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Fifteen charged in connection with international stock-manipulation scheme

A federal grand jury has indicted 15 people, including three who were spotlighted in Sharesleuth investigations, alleging that they participated in a series of “pump-and-dump” schemes that netted more than $30 million.

The defendants include Regis Possino, a disbarred lawyer with convictions for drug dealing and fraud; Sherman Mazur, a onetime real estate mogul with a prior fraud conviction; and Edon Moyal, the former chief executive of Who’s Your Daddy Inc., a publicly traded energy-drink company. He is currently awaiting sentencing in an unrelated criminal case.

The FBI said in a press release that its investigation included a series of wiretaps that resulted in the interception of more than 60,000 phone calls and 24,000 text messages.

Who’s Your Daddy was the subject of a Sharesleuth story three years ago. Entities connected with Possino provided early funding  in exchange for notes that could be converted to large amounts of stock.

Who’s Your Daddy now is called Fitt Highway Products Inc. (OTCBB: FHWY).

Companies tied to Possino and another of the defendants, Grover Henry Colin Nix, also provided to financing to Pure Play Music Ltd. (Pink Sheets: PPML) and got millions of shares of stock. Sharesleuth detailed those connections in a pair of stories in 2009.

The indictments unsealed this week allege that Possino, Mazur, Moyal and Nix were part of two networks that fraudulently inflated the share prices of small public companies before dumping their holdings on unsuspecting investors.

The indictments said the participants in the schemes acquired a large percentage of the shares in those companies, distributed those shares to nominees to conceal their ownership, boosted the share prices though manipulative trading and misleading press releases, then sold the shares.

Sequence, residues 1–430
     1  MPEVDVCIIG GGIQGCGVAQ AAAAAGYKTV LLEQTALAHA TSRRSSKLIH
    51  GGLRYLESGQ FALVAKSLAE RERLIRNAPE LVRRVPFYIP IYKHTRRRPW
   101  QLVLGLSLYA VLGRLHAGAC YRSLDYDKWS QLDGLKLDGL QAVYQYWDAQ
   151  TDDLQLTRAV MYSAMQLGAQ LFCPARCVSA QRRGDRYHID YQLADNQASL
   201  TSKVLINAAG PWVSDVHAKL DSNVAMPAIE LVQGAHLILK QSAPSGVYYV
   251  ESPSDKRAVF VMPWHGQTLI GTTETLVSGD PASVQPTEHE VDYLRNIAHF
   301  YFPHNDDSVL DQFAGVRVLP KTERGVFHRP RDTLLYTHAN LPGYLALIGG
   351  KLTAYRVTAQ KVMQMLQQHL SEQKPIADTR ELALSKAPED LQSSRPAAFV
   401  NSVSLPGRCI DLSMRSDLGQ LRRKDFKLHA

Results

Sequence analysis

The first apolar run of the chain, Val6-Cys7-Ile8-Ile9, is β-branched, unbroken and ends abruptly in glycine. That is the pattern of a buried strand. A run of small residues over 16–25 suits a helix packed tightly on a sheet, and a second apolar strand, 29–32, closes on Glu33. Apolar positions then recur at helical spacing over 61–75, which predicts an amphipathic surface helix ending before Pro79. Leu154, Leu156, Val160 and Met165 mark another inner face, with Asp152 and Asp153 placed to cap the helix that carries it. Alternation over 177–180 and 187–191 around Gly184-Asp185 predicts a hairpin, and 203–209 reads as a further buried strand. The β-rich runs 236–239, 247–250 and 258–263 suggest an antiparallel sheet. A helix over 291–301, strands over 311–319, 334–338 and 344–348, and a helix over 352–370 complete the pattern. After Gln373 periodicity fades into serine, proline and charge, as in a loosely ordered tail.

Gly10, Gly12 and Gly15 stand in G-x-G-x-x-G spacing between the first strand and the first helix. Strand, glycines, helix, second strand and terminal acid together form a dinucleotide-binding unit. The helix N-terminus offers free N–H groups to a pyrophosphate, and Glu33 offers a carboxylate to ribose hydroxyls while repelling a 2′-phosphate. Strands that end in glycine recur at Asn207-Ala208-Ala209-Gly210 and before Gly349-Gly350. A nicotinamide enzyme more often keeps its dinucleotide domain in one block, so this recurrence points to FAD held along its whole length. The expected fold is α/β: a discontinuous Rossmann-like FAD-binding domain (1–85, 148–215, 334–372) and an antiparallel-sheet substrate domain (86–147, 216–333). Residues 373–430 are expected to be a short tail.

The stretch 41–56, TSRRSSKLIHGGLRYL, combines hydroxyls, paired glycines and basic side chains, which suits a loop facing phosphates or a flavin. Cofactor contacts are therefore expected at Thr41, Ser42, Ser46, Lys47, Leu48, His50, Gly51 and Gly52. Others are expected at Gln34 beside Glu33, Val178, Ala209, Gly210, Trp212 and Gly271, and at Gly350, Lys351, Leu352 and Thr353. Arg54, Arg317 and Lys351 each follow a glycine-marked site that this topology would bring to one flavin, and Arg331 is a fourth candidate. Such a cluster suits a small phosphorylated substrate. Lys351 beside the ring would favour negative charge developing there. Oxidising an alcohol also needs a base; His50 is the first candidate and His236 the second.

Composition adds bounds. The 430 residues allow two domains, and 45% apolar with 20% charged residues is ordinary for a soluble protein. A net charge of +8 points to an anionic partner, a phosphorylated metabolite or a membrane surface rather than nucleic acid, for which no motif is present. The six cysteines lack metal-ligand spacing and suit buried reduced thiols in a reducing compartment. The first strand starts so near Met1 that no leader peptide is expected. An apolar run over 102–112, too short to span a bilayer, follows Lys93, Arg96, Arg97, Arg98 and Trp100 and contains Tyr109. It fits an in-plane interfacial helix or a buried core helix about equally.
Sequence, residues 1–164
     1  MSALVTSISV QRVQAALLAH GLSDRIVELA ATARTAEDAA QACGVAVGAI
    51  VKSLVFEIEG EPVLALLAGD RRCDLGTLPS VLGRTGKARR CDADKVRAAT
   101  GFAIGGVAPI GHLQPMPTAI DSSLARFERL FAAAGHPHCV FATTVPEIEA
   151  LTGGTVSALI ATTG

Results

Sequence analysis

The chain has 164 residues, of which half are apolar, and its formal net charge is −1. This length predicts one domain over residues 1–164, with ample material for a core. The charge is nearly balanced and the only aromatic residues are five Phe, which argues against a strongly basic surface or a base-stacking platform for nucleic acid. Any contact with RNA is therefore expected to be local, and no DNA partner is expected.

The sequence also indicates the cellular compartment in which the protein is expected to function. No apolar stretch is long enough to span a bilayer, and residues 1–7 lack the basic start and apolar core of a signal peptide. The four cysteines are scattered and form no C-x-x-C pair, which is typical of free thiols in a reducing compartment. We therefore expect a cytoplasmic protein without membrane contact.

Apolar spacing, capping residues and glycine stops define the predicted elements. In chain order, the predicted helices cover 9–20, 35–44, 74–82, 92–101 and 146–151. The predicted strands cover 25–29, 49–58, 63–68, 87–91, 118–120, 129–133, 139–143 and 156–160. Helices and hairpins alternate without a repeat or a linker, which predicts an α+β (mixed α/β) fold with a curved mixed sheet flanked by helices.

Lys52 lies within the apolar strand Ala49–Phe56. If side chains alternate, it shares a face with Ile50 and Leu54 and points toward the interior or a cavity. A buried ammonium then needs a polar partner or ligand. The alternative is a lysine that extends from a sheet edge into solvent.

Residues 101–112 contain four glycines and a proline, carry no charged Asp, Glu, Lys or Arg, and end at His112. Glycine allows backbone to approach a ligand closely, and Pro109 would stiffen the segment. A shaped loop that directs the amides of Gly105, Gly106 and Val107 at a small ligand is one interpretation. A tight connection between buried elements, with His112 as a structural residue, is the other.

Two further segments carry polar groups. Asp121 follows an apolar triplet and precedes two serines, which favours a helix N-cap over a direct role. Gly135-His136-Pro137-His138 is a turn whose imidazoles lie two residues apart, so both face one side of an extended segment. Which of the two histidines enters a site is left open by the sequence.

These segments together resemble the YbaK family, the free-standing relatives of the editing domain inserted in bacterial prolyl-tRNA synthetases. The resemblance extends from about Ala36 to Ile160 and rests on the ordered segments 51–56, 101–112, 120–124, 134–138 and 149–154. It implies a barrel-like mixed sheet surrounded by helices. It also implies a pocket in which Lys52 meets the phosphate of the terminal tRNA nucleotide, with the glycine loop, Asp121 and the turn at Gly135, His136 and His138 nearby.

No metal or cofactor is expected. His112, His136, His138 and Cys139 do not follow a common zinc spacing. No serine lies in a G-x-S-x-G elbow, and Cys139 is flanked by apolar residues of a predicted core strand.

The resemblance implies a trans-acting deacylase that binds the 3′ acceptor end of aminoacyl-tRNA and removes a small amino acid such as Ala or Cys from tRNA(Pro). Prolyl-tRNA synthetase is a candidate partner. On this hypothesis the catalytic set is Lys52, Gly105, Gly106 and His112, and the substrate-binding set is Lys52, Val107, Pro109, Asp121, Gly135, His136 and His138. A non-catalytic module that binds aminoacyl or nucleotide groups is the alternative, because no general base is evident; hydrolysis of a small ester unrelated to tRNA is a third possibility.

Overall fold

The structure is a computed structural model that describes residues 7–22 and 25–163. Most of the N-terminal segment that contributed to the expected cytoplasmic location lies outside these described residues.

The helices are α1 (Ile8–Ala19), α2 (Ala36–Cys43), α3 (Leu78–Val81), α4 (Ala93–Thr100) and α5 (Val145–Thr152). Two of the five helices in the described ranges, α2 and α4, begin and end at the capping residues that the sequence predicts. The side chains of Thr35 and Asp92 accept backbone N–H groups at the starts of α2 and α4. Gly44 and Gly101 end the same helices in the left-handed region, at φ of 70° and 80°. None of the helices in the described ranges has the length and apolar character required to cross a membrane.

Authorities said the schemes defrauded more than 20,000 investors in the United States and other countries.

The indictments (see details here and here ) identified five public companies whose shares were manipulated. They were:

–Sport Endurance Inc. (OTCBB: SENZ)

–GenMed Holding Corp. (OTCBB: GENM)

–BioStem U.S. Corp. (OTCBB: HAIR)

–FrogAds Inc., previously known as Imobilis Inc. (Pink Sheets: FROG)

–Empire Post Media Inc. (Pink Sheets: EMPM)

It appears from certain details in the court documents — such as the reported proceeds from the schemes involving those five stocks and the overall profits of the purported “pump-and-dump’’ network — that even more public companies were involved.

The indictments against Possino, Mazur, Moyal, Nix and the other defendants were issued last year, as part of ongoing investigations being conducted by the FBI and the Internal Revenue Service’s criminal division.

The indictments were unsealed Wednesday after 14 of the 15 people charged in the cases were arrested. The other, who authorities said operated from Switzerland and Dubai, remains at large.